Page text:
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As Harvard begins its fourth century President Conant's hope to enlarge the university's service will have only the more support because his program of extension includes a plan of simplification. Dr. Conant believes that students in American colleges should have food less elaborate but more nourishing. "The faculties," he says, "should endeavor to reduce the number of courses given and in many cases to condense the material now presented. The tremendous subdivision of the fields of learning which has occurred in the past thirty-five years will certainly shock the academic historian a century from now. The increase in the number of special courses of instruction has by no means been solely in the faculty of arts and sciences; the professional schools have shown the same tendency. How to stop this movement of expansion, how to eliminate and condense, how to arrive at an agreement on certain aspects of certain subjects which should be thoroughly mastered-to my mind these are the great educational questions of the future."
At this point the command again rings in memory: "Get wisdom, but with all thy getting, get understanding." In the nineteenth century and the first third of the twentieth, the area of man's knowledge vastly increased. Jove's lightning, once more mysterious than the sun-spots, now illuminates homes, irons shirts and cooks toast. At 150 miles an hour man rides the air more easily than stage-horses could plod the ground at fifteen. The X-ray pierces steel, and the radio causes a whisper to be heard in five continents. But the alphabet and the multiplication-table are unchanged. Changeless also is the need that use of these tools should be taught in the elementary schools with utmost simplicity and absolute certainty. Not different is the need-though greatly more difficult the achievement-that the essential contributions of modern science, the principal values of man's recent learning, should be brought to equal clarity of statement and instruction in our colleges.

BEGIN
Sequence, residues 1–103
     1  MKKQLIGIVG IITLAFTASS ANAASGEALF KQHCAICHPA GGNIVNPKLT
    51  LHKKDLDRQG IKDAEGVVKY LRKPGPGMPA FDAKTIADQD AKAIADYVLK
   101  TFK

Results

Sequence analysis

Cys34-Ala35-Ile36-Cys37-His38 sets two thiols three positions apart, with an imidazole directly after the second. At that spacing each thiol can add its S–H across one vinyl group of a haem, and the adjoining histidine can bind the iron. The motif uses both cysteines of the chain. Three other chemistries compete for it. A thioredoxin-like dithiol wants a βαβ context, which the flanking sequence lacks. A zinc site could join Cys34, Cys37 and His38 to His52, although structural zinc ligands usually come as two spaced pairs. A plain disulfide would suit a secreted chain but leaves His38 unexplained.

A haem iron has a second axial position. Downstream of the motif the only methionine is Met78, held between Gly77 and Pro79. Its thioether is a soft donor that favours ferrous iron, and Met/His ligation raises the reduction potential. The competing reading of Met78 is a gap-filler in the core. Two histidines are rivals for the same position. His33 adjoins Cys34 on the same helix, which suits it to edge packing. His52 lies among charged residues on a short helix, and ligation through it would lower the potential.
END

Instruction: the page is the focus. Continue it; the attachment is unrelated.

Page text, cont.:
Today the higher schools leave too many of their students in the condition of a man gorged with countless courses, no one of which is digested. The mean, as President Conant declares, should be simplified. We need to reach a point, as he says, where we shall be concerned with "teaching less and less but at the same time providing a better and better education." Progress to this end cannot be instantaneous. It will take at least a generation to win the goal. But we can all be glad that so eminent a scientist as James B. Conant, who understands today's demands for scholarly specialization as well as anyone can, likewise sees the need of new synthesis, new simplification and generalization in America's higher education. He is prepared to fight for these gains, and in such effort he deserves all possible aid. --Boston Transcript
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